Finally, the Federal Circuit turned to the prosecution history.  While the Board found the prosecution history inconclusive, the Federal Circuit disagreed, noting that even where prosecution history statements do not rise to the level of unmistakable disavowal, they do in-form the claim construction.  The Federal Circuit said an applicant’s repeated and consistent remarks during prosecution can define a claim term—especially where, as here, there is no plain or ordinary meaning to the claim term and the specification provides no clear interpretation.  The Federal Circuit found that the Board erred by effectively requiring the prosecution history evidence to rise to the level of a disclaimer in order to inform the meaning of the disputed claim term, adding the prosecution history provides persuasive evidence that informs the meaning of the disputed claim phrase and addresses an ambiguity otherwise left unresolved by the claims and specification.

Because the Federal Circuit concluded that the disputed claim term was limited to all-digital signals, it reversed the Board’s unpatentability determination for those claims.

Affirmed; Patent Owner’s Claim Construction that Excluded Preferred Embodiments Was Not Correct

In Eko Brands, LLC, v. Adrian Rivera Maynez Enterprises, Inc., [2018-2215, 2018-2254] (January 13, 2020), the Court of Appeals for the Federal Circuit affirmed the judgment of invalidity of U.S. Patent No. 8,720,320 owned by ARN, on an adaptor device for use with Keurig® single-brew coffee machines and of infringement of U.S. Patent No. 8,707,855 owned by EKO on a reusable filter cartridge device for use with single-serve beverage brewing machines.

On appeal ARM argued that brewing chamber in the claims of the ‘320 patent required a closed chamber, and thus the prior art did not make the claimed invention obvious.  The Federal Circuit distinguished other patents that showed closed brewing chamber, noting that these specifically describe the chamber as sealed. The Federal Circuit also rejected the argument that several embodiments of in the ‘320 patent that showed sealed brewing chambers, meant that brewing chamber had to be sealed, because there were also several embodiments with unsealed brewing chambers.  The Federal Circuit applying the Canon of Claim construction that “a claim construction that ‘excludes the preferred embodiment is rarely, if ever, correct and would require highly persuasive evidentiary support” to find that the district court’s construction was correct.  The Federal Circuit also affirmed the award of attorneys fees to the accused infringer of the ‘320 patent.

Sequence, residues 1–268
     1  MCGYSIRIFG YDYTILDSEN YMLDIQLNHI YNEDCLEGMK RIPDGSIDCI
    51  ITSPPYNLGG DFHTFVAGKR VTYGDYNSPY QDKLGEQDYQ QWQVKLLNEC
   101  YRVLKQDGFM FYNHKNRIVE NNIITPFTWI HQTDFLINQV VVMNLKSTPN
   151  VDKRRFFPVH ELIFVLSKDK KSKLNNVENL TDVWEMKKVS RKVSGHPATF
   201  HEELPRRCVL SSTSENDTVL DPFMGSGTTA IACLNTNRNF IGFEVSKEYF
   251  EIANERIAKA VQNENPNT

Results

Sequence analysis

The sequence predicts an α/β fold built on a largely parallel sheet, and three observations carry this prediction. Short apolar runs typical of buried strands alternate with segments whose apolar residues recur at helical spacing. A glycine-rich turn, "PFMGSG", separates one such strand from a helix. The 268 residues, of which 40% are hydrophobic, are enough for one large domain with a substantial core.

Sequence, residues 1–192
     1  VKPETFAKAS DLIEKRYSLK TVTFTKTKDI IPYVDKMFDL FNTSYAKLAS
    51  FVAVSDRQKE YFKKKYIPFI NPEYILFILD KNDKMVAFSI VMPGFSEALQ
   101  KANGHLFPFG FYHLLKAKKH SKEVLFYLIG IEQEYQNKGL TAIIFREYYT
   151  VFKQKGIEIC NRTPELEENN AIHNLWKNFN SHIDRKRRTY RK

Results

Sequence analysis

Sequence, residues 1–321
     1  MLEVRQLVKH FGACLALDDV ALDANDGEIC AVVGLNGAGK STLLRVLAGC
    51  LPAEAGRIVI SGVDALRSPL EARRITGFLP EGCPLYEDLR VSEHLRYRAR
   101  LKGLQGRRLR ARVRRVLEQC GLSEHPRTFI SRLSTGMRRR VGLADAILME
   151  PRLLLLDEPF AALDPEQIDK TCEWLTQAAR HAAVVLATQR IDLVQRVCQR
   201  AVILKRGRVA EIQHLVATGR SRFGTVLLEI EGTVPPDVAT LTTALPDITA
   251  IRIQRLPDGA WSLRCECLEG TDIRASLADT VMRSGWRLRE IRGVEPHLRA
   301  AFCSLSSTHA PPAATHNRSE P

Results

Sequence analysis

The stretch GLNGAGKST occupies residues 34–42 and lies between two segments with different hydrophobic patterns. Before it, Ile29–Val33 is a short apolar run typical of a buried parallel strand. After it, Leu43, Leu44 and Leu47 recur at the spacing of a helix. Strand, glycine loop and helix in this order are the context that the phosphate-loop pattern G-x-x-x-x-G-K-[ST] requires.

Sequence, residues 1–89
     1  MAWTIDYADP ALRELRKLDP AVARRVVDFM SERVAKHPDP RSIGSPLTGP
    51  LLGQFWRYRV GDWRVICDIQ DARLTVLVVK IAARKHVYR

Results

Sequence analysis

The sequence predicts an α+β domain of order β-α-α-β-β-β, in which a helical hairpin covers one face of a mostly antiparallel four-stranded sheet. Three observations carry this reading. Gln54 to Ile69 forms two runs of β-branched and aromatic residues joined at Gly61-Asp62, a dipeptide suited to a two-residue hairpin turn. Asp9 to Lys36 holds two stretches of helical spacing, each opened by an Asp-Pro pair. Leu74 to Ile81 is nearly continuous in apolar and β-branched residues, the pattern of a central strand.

On the issue of infringement of the ‘855 patent, ARM argued that the claims of the patent required a single serve beverage brewer (“A beverage brewing device for use with a single serve beverage brewer having a brewing holster . . .”).  The Federal Circuit disagreed, noting that on its face does not require a beverage brewer, even if the preamble is limiting. To the extent that claim mentions a beverage brewer it is only as a “reference point” to define the purpose and structure of the brewing device.  Thus the Federal Circuit affirmed the finding of infringement.  The Federal Circuit also affirmed the finding of no willful infringement, noting that the instruction as a whole was not legally erroneous given the limited nature of Eko’s objection.

Markush Groups Open to Additional Elements

Amgen, Inc. v. Amneal Pharmaceuticals LLC, [2018-2414, 2019-1086] (January 7, 2020), the Federal Circuit vacated and remand the district court’s judgment that Amneal did not infringe U.S. Patent 9,375,405, and affirmed that Piramal did not infringe and that Zydus did infringe the ‘405 patent.

On appeal Amgen challenged the district court’s construction of a Markush group of binders:

from about 1% to about 5% by weight of at least one binder selected from the group consisting of povidone, hydroxypropyl methylcellulose, hydroxypropyl cellulose, sodium carboxymethylcellulose, and mix-tures thereof

and a Markush group of disintegrants:

from about 1% to 10% by weight of at least one disintegrant selected from the group consisting of crospovid[o]ne, sodium starch glycolate, croscarmellose sodium, and mixtures thereof

The district court held both of these Markush groups were closed, such that additional binder and disintegrant substances in addition to the ones specified in the Markush ground avoided infringement.